Our 2016 Year Game was launched in January 2016 and ran until the end of the year. The idea was simple – to find APL expressions involving exactly the digits 2 0 1 6 in that order to equal the numbers 0 to 100 using the fewest characters possible. The minimum number of characters for an expression is 5 (the four digits 2 0 1 6 and a single primitive function/operator) so the smallest number of characters that a possible solution can have is 505.

A lovely elegant solution was pointed out by Lars Stampe Villadsen:

```
⎕IO←0
{⍪⍳+/⍵*⌽⍵}2 0 1 6
```

and Bernard Legrand submitted two one-line solutions:

```
(⍴⍬),⍳¯20+!1-⍨6
```

and

```
(⍴⍬),⍳⍴'Be happy: this solution to Game 2016 will be the most stupid one, but it needs only five APL symbols'
```

These three each return all the numbers from 0 to 100. Not valid submissions for this particular game, but I did find them rather pleasing. Anthony Cipriano was inspired to go one step further and submitted an expression that creates the first 8 Fibonacci numbers:

```
(⊢,(+/{(¯2∘↑)⍵}))/(⊂0 1),⍨⍳6
```

The wonderfully varied ways in which APL can be used (and in which APL users think!) was illustrated beautifully by some of the solutions. Although some numbers were attained in the same way by everyone (36, for example, was always `20+16`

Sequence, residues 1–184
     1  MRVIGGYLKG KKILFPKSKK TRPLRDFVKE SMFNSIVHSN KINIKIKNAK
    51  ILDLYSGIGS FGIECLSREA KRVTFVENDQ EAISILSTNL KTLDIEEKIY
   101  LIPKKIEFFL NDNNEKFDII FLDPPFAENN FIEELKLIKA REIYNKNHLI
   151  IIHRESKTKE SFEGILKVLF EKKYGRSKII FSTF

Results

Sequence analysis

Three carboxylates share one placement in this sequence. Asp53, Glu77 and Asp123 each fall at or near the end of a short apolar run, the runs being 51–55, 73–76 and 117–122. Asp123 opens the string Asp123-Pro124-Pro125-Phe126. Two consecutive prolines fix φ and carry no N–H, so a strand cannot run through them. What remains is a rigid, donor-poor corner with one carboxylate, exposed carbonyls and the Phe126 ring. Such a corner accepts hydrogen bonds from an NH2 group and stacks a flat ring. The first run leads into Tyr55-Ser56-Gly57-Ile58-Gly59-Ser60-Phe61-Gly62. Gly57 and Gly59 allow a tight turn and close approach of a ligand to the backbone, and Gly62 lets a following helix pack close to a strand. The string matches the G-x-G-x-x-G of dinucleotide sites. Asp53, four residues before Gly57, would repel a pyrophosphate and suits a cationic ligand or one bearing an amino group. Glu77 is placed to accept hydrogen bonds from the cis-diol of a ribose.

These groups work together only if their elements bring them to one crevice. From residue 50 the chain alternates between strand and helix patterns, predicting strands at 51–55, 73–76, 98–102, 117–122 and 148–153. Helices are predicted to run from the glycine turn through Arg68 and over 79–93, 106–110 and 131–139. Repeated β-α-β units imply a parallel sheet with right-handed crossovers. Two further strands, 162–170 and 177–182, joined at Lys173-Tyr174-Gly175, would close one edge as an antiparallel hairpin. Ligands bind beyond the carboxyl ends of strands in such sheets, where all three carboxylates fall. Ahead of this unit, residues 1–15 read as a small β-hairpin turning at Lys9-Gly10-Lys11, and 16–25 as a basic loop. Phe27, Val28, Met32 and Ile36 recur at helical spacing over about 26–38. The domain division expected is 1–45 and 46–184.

), others lent themselves to multiple solutions. No-one managed to calculate 100 in fewer than 7 characters, but the 7-character answers included `20∧⌹.16`

, `20×¯1+6`

, `-20×1-6`

, `20×-1-6`

, `¯20×1-6`

and various others on the same theme. Unity experienced similar creativity, with 1 being reached in the minimum possible number of characters (5) using `×2016`

, `201≢6`

, `20>16`

, `20≠16`

, `2<016`

, etc.

It was clear early on that submissions fell into two distinct groups – those who wrote a program to find the expressions and those who derived their expressions manually. I found the creativity evident in the manually-derived solutions very satisfying; the results may not have been as terse as those resulting from programs, but the individuality of the creators shows people inspired by their subject matter. Who can fail to appreciate the thought process behind arriving at 96 using `(×/+\+\(!2 0 1))+6`

rather than the more prosaic `⌈⍟!20+16`

or `⎕IO-⍨+⍨20+16`

rather than `20+⌈○16`

for 71?

Having said that, the goal was conciseness and individual character counts are now tabulated on the 2016 Year Game page; an amalgamation of the lowest-character expressions that anyone achieved can also be downloaded from this page. Congratulations to **Jonas Stensiö** and **Veli-Matti Jantunen**, who both achieved the same character count as the amalgamated minimum (693).

*(most names omitted to protect the not-so-innocent)*